Common Database Design mistakes(Conclusion )
This module offered a number of insights into the overall design process by identifying common design mistakes in four areas:
It then offered tips on how to avoid them. It also defined the vital distinction between a database that is
right and one that is useful.
- Business objects and rules
- Constraints, columns, and keys
- Relationships and referential integrity
- International issues
Having completed this module, you should be able to:
- List the four areas of common design mistakes
- Describe mistakes associated with business objects and business rules
- Describe mistakes associated with constraints, columns, and keys
- Describe mistakes associated with relationships and referential integrity
- Describe mistakes associated with international issues
- Interpret the statement: "There are no wrong databases, just useless ones."
This module introduced you to the following terms:
- business objects:Items in a business environment that are related, and about which data need to be stored (e.g., customers, products, orders, etc.).
- Business rules:A set of rules or conditions describing the business polices that apply to the data stored on a company databases.
- column:Part of the structure of a database table; also known as a field or, during early database design, as an attribute.
- constraints:Rules a database designer imposes upon certain elements in a database to preserve data integrity.
- international issues:Database design considerations based on other countries\' differing data standards, alphabets, and writing systems.
- Referential integrity: The means of maintaining the integrity of data between one or more tables that relate to each other, in other words, that a column of data in a table has a null or matching value in a corresponding table. Referential integrity is usually enforced with foreign keys
- relationship:If the same attribute occurs in more than one table, a relationship exists between those two tables.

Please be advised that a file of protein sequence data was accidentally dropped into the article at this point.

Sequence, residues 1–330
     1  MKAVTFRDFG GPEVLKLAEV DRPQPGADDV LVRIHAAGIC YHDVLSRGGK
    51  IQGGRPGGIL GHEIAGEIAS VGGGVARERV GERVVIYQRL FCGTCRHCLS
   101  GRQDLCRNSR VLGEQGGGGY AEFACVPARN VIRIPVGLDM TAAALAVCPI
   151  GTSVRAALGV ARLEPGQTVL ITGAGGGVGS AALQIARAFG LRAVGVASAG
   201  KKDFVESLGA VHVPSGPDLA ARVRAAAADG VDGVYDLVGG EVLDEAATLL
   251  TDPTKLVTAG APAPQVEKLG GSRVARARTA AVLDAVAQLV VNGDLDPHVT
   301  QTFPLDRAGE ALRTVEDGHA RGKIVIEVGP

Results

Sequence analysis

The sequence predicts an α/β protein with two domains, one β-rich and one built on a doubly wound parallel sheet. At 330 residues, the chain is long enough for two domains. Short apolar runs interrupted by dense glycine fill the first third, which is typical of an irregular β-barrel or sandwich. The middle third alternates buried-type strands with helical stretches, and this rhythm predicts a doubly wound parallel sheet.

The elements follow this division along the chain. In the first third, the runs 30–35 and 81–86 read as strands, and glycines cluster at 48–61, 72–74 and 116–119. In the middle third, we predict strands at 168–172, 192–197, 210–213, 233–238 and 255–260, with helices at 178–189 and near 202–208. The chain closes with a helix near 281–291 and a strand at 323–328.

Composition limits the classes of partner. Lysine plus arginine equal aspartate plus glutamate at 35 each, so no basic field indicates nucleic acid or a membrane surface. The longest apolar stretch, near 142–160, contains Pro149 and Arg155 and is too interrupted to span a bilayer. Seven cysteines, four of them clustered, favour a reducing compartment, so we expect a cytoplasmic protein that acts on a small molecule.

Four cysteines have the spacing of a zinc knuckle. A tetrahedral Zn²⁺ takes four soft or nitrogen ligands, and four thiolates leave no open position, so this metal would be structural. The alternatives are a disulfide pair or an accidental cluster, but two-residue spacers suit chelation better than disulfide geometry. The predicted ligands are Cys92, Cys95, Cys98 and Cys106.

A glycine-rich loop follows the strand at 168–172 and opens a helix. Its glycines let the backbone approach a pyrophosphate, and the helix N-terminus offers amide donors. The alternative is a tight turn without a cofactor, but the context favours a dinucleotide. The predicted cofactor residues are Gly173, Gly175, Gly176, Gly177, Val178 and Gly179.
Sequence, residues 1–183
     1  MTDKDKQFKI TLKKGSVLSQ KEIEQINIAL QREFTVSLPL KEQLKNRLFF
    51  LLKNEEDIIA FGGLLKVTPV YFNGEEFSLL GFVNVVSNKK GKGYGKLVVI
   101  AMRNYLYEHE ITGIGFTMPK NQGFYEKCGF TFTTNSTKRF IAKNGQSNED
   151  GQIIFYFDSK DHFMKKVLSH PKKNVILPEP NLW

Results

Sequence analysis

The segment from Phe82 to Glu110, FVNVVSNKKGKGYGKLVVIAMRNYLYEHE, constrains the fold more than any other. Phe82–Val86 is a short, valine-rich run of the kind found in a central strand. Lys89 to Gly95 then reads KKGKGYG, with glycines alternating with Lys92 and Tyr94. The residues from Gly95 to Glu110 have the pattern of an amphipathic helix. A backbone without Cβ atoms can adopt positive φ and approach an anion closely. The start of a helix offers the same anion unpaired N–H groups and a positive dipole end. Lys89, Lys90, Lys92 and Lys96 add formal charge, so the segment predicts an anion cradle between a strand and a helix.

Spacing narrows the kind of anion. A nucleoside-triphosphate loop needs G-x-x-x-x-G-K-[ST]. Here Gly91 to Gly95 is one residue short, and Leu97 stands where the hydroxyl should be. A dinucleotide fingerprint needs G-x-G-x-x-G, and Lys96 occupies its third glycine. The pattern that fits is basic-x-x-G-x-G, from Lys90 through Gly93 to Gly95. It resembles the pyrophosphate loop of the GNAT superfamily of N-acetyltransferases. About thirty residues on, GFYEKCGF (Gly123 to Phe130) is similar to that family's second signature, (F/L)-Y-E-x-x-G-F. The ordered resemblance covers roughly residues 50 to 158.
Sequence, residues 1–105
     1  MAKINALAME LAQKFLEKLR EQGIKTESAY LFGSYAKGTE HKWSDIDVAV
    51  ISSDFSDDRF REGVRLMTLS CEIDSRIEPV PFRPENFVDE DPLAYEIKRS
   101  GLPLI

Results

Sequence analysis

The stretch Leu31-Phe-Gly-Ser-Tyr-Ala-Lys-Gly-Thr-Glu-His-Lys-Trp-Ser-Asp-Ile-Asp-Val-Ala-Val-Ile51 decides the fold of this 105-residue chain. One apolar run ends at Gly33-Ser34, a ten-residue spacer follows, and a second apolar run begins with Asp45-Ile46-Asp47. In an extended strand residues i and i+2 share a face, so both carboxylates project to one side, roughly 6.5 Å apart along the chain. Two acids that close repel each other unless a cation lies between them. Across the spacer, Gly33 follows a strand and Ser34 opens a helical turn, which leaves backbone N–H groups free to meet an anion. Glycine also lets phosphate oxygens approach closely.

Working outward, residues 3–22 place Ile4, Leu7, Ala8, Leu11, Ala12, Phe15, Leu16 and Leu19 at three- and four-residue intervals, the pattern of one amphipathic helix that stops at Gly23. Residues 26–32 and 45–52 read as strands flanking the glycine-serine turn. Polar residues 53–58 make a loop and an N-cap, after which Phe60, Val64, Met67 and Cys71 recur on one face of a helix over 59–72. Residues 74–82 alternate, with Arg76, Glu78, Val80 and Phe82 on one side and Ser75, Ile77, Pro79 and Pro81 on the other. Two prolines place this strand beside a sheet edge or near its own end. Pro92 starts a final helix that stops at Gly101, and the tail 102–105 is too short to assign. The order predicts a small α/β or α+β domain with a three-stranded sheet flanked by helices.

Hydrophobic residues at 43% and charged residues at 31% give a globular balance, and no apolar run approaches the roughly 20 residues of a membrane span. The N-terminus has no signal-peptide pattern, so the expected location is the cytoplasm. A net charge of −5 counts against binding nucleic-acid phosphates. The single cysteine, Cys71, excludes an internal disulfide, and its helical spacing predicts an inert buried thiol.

Sometimes it’s tempting to build tables that contain unrelated values. The classic example is a Domain-Values table that contains allowed values for fields in tables scattered throughout the database. For example, suppose the State, Brand, and Medium fields take values from lists. State can take values CA, CT, NV, and so forth; Brand can take values MixAll, Thumb Master, and Pheidaux; and Medium can
take values Oil, Acrylic, Pastel, and Crayon. You could build a DomainValues table with fields Table-Name, FieldName, and Value. Then it would hold records such as TableName = Artwork, FieldName = Medium, Value = Crayon. You would use this magic table to validate foreign keys in all of the other
This approach will work, but it’s more of a headache than it’s worth. The table is filled with unrelated
values and that can be confusing. It might seem that having one table rather than several would simplify the database design,
but this single table does so many things that it can be hard to keep track of them all. Just think about drawing the database design’s ER diagram with this single table connected to dozens of other tables.
Tying this table to a whole bunch of others can make it a chokepoint for the entire system. It can also lead
to unnecessary redundancy if multiple tables contain fields that have the same domains.
It is better to use separate tables for each of the domains that you need. In this example, just build separate
States, Brands, and Media tables. Though this requires more tables, the pieces of the design are simpler, smaller, and easier to understand.
Remember the rule that one table should do one clearly defined thing and nothing else. Although this
kind of mishmash table has an easily defined purpose, it does not do just one thing.
Database Table - Quiz
Before moving on to the next module, click the Quiz button to reinforce your understanding of common design mistakes.
Database Table - Quiz